Posted by: Loren Coleman on May 23rd, 2010
The man who analyzed the role of Fay Wray and others who became the “girl in the hairy paw” of King Kong has died.
Ronald Gottesman, 77, a retired University of Southern California English professor, who co-edited the “Norton Anthology of American Literature: Volumes I and II” published in 1979, died May 10, 2010, at Ronald Reagan UCLA Medical Center of complications from pneumonia, USC announced. He taught American literature and American studies at USC from 1975 to 2001. As a scholar of film studies, he wrote of the work of Orson Welles and of movie depictions of King Kong in The Girl in the Hairy Paw. He also penned the significant study, Violence in America: An Encyclopedia.
Gottesman was born January 7, 1933, in Boston. He received a bachelor’s degree from the University of Massachusetts, a master’s degree from Colgate University and a doctorate from Indiana University, all in English. He served in the Army Reserve and taught at Northwestern, Indiana, Rutgers and Wisconsin Parkside before arriving at USC.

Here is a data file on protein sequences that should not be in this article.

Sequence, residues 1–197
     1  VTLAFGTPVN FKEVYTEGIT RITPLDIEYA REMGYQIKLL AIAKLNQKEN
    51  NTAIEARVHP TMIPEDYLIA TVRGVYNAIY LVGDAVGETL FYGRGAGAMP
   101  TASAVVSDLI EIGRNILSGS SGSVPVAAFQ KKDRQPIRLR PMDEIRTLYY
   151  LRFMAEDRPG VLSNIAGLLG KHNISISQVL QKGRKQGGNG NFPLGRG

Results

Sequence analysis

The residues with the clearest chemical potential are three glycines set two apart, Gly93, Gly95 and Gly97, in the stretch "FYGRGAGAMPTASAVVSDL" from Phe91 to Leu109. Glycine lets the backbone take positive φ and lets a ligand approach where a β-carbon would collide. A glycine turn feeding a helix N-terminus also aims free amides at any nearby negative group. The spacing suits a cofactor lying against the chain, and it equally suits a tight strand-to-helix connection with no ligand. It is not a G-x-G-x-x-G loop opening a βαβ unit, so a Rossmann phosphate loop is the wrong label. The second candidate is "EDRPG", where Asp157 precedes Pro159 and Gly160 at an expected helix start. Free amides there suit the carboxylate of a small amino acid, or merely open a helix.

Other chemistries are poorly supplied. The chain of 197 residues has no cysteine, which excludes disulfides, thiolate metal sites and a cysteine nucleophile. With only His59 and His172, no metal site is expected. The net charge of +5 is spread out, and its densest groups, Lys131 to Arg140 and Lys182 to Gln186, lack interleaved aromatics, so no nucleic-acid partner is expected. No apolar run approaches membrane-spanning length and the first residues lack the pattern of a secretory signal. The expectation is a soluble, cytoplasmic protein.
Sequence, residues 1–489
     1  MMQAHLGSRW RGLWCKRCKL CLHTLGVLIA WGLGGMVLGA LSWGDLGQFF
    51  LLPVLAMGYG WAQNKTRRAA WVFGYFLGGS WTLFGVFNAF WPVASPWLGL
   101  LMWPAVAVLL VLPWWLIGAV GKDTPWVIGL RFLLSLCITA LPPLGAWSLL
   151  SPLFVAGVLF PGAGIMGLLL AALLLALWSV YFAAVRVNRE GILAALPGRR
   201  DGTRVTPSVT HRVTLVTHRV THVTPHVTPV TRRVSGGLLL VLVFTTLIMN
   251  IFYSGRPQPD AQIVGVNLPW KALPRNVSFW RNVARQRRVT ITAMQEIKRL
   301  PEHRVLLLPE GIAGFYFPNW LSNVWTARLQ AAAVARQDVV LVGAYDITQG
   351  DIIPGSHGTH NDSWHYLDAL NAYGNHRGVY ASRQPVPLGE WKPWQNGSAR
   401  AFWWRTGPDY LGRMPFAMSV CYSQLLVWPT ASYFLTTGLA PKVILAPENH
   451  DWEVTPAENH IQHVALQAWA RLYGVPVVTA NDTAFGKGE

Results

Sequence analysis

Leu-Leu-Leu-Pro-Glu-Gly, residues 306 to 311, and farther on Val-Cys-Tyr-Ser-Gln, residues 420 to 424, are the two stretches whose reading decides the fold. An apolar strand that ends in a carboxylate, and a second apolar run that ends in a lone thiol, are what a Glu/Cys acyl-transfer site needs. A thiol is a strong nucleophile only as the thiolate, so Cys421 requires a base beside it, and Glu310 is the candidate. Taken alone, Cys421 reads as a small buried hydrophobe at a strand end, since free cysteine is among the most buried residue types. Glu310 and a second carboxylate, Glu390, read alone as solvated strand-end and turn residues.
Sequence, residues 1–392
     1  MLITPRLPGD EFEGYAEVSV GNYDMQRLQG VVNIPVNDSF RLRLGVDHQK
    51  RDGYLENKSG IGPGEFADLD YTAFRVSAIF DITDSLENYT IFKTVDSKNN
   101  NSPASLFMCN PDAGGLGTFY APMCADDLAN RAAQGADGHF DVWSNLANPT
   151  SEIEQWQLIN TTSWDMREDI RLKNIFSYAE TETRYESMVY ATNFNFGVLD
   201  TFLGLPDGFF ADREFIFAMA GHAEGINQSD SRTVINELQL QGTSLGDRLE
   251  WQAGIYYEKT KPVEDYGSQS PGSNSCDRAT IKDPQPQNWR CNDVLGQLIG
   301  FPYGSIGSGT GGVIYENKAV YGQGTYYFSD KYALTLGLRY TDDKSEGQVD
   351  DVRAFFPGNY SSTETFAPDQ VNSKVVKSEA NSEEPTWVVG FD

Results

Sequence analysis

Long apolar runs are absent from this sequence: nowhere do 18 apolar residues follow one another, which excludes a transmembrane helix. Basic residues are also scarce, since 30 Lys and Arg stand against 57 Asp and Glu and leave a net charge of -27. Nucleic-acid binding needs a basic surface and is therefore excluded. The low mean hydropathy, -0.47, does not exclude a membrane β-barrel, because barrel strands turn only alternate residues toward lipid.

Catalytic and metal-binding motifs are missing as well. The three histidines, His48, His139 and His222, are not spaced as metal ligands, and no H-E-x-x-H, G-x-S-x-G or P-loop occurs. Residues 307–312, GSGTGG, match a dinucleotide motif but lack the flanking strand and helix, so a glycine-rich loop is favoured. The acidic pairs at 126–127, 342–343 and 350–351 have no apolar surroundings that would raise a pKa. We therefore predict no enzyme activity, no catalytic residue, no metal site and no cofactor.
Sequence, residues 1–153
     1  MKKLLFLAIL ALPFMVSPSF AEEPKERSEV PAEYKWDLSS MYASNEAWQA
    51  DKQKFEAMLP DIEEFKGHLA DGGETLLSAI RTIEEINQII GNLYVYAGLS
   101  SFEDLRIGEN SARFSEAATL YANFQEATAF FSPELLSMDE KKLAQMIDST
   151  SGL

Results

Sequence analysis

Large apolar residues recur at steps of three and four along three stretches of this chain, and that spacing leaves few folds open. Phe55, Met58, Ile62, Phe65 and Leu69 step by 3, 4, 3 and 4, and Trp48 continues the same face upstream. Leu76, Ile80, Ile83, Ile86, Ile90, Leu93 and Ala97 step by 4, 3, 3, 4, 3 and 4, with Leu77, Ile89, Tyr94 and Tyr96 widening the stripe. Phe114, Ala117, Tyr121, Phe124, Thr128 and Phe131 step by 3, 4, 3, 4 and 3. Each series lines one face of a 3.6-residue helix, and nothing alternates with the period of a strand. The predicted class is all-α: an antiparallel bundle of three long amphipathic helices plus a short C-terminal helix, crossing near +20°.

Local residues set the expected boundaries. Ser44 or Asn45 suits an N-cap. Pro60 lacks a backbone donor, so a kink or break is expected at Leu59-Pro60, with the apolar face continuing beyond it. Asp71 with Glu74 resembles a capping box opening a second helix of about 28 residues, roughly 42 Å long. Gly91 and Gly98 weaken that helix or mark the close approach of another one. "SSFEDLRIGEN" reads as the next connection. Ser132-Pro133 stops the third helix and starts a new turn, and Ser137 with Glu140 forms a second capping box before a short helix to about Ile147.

He was founding director of USC’s Center for the Humanities, an interdisciplinary study group for public policy that ended in 1984.
Loren Coleman is one of the world’s leading cryptozoologists, some say “the” leading. Certainly, he is acknowledged as the current living American researcher and writer who has most popularized cryptozoology in the late 20th and early 21st centuries. Starting his fieldwork and investigations in 1960, after traveling and trekking extensively in pursuit of cryptozoological mysteries, Coleman began writing to share his experiences in 1969. An honorary member of Ivan T. Sanderson’s Society for the Investigation of the Unexplained in the 1970s, Coleman has been bestowed with similar honorary memberships of the North Idaho College Cryptozoology Club in 1983, and in subsequent years, that of the British Columbia Scientific Cryptozoology Club, CryptoSafari International, and other international organizations. He was also a Life Member and Benefactor of the International Society of Cryptozoology (now-defunct). Loren Coleman’s daily blog, as a member of the Cryptomundo Team, served as an ongoing avenue of communication for the ever-growing body of cryptozoo news from 2005 through 2013.